• Home Health department saw improvements, including clarifying documentation requirements and raising awareness among providers through the Targeted Probe and Education program. The resulting situation was no less than incredible. It led to a $5.9 billion decrease in improper payments from 2016 to 2020.
  • Skilled Nursing Facility Claims was the other area that saw improvement. There was an approximate reduction of $1 billion in improper payments in the last year due to a policy shift. It happened due to an adjustment made to the supporting information for physician certification and recertification of the skilled nursing facility services. Moreover, CMS’ Targeted Probe and Educate programs reaped its fruits.

Healthcare costs are soaring as we speak, and they are going to increase going forward. According to an estimate, by 2026, one out of every five tax dollars will go into healthcare.

To have sustainable cost growth, CMS must continue to strive for a system that accepts only proper payments. Improper payments only destabilize the cost balance. Stating the obvious, they are illegal payments – intentional or otherwise – going against the sustainability of affordable healthcare. They also represent false spending of American taxpayer dollars; however, not all of them represent fraud. The definition of improper payments includes overpayments, underpayments, or payments made under insufficient information.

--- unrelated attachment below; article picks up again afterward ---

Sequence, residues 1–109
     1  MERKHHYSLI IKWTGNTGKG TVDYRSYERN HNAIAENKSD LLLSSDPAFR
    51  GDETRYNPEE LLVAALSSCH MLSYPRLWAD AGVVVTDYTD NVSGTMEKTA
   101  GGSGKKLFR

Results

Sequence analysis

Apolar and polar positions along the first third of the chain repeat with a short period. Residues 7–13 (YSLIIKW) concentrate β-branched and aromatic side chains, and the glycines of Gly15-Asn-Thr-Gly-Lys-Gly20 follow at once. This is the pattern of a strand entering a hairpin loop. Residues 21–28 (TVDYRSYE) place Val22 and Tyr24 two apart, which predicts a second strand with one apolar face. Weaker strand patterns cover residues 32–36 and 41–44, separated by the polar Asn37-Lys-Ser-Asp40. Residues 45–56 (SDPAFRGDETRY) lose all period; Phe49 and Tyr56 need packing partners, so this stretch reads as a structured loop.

Action Plan

CMS has developed a five-tier program integrity plan to mark the agency’s approach to reducing improper payments while safeguarding its programs for future generations:

  1. Bring Bad Actors to Justice: CMS works alongside law enforcement agencies to bring people who have defrauded the system under law.
  2. Prevent Fraud Before It Happens: Rather than the costly and ineffective “pay & chase” model, CMS eliminates fraud proactively by reducing the opportunities to exploit vulnerabilities in healthcare.
  3. Mitigate Risks to Value-Based Programs: CMS continues to explore ways to identify and reduce integrity risks to value-based care programs. MIPS 2020 and Advanced Alternative Payment Models (APMs) are the two programs currently underway. With the help of experts in the healthcare community, their lessons learned, CMS pledges to run these programs smoothly.
  4. Reduce Provider Burden: It is in line with reducing providers’ burdens who make claim errors in good faith; CMS wants to assist them by giving them easier access to coverage and payment rules. In addition to that, CMS is educating them on compliance programs. P3 Healthcare Solutions becomes a part of this effort via MIPS data submission to CMS as a MIPS Qualified Registry.
  5. Leverage Artificial Intelligence and Machine Learning: CMS looks to leverage technology like AI and machine learning to allow the Medicare program to oversee compliance on claim submissions. It eventually calms the providers down, and taxpayers get to pay less.
0 replies

Leave a Reply

Want to join the discussion?
Feel free to contribute!

Leave a Reply

Your email address will not be published. Required fields are marked *